Dindo Manhit, President of the Stratbase ADR Institute
The Philippines has maintained a robust economy with a GDP growth rate of at least 6.5 percent for the past 10 consecutive quarters. But the bigger question is: How far can we sustain this economic momentum?
President Duterte himself said the economic boom is not being felt in all provinces, because “economic activity is stagnating” in some areas and “projects are barely progressing.”
In the meantime, a London-based economic research firm raised concerns over the President’s “erratic and crass behavior and commitment to the rule of law.”
Despite uncertainties, there are still notable positive reforms, such as the increased investment in infrastructure and the tax reform program.
The recent passage of the Ease of Doing Business and Efficient Government Service Delivery Act, spearheaded by Sen. Migz Zubiri, and soon the passage of the Public Services Act in the Senate, are both positive moves to attract more foreign investments and improve the country’s competitiveness.
The new law seeks to solve the perennial problem of bureaucratic red tape in government and make the process of doing business faster and more efficient. It can help address the decline in the country’s economic competitiveness globally, and especially in our region. The Philippines ranked 50th out of 63 countries in the world based on the 2018 World Competitiveness Yearbook. The country’s ranking dipped by 9 notches from 2016, the sharpest drop among our peers in the Asia-Pacific region.
But, despite problems in infrastructure, business and government inefficiency that collectively pulled down the country’s competitiveness ranking, the Philippines was able to attract some $10 billion in net foreign direct investments and P217 billion worth of approved investments from foreign and local investors in various investment promotion agencies last year.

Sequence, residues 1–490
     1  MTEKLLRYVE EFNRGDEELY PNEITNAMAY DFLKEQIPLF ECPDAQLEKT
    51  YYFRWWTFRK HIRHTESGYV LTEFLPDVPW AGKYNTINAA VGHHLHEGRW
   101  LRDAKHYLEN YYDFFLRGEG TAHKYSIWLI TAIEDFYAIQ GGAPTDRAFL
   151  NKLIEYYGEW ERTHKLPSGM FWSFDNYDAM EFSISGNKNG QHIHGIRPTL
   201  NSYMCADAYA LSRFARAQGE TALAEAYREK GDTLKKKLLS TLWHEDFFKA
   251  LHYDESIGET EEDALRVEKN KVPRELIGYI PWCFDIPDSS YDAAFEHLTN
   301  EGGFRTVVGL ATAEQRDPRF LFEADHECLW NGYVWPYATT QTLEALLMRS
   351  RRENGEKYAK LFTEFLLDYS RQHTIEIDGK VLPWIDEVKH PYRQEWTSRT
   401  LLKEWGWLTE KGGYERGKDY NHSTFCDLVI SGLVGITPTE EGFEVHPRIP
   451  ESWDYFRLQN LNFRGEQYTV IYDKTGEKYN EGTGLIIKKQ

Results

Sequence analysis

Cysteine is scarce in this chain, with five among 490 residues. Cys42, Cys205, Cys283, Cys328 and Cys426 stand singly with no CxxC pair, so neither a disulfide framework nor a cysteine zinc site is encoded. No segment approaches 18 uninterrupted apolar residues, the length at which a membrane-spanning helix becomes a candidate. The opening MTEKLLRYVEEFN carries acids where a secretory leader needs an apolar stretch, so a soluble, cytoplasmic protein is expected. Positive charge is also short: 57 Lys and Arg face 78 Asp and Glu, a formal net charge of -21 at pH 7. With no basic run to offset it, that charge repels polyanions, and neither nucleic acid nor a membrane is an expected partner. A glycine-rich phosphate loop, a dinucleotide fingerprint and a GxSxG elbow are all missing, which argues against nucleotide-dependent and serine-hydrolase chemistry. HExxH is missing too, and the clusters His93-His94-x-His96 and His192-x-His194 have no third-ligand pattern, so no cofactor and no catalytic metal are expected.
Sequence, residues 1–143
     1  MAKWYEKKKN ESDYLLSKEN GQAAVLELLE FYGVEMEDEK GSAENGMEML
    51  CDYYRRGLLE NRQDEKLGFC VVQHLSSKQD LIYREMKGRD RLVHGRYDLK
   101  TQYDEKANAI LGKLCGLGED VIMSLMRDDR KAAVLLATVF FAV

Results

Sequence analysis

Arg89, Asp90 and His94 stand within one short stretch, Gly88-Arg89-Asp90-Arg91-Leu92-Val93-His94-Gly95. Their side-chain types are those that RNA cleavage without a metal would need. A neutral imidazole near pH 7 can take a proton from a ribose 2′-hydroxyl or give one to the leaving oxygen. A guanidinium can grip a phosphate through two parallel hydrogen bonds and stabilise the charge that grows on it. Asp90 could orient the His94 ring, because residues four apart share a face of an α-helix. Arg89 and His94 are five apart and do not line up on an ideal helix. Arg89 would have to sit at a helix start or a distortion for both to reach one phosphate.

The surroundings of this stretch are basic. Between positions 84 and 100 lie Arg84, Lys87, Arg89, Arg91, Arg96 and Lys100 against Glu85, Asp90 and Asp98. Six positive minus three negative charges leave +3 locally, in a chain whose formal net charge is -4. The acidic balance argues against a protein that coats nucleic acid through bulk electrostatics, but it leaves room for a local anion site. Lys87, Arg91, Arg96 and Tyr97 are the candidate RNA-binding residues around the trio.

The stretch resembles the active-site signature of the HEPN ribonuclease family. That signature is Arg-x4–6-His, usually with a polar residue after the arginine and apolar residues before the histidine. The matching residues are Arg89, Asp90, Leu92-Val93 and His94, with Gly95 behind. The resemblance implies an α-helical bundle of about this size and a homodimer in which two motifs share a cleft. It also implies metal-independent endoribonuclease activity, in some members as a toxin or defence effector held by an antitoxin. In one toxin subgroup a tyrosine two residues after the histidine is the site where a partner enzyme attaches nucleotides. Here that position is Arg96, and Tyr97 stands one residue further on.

The value of the overall approved investments from foreign and local nationals for the first quarter of 2018 rose by more than 52 percent. However, Approved Investments from six out of the top 10 high-investing countries declined from 11.4 percent to as high as 86.7 percent in the first quarter. In particular, investments from the United Kingdom, the Netherlands, Singapore, South Korea, Taiwan and the United States suffered major declines.
Japan was the Philippines’ top investing country in the same period, with investment commitments totaling P7.86 billion, accounting for 55.3 percent of total foreign pledges. This was followed by the United Kingdom (P1.54 billion or 10.9 percent). The rest, such as the Netherlands, Singapore, United States, China, and South Korea, registered less than P900 million worth of approved investments.
A DTI report showed a decrease in projected employment generation despite the positive number of approved investments for the same period.
Given these developments, the Department of Finance continues to push for the passage of TRAIN 2, or the second tax reform package of the Duterte administration. In general, the new tax measure seeks to lower corporate income tax and rationalize fiscal incentives. These two objectives are expected to boost efforts by the Philippines to become a more attractive investment destination.
Foreign business groups and investors have warned about the impact of the rationalization of fiscal incentives on the overall business environment. The Philippine Association of Multinational Companies Regional Headquarters Inc. cautioned legislators that the removal of tax incentives may scare away foreign investors. They also warned that some companies could migrate their operations to India, Malaysia, Vietnam and Hong Kong. The American Chamber of Commerce and the Japanese Chamber of Commerce and Industry echoed the same sentiments.
Ironically, the removal of tax incentives may run counter to the goal of making our country more investor-friendly in the coming years. Instead of using the Ease of Doing Business Act as a leverage to attract more foreign investors, the reverse may happen.
The stability and predictability of policies and reform measures to sustain investor confidence are more essential. Moreover, reducing the cost of doing business and relaxing or lifting restrictions on foreign investment should remain a priority.
We need to do a tough balancing act between making the Philippines an investment haven for foreign and local investors, and making sure we don’t sacrifice resources that are needed to strengthen our domestic competitiveness for long-term development.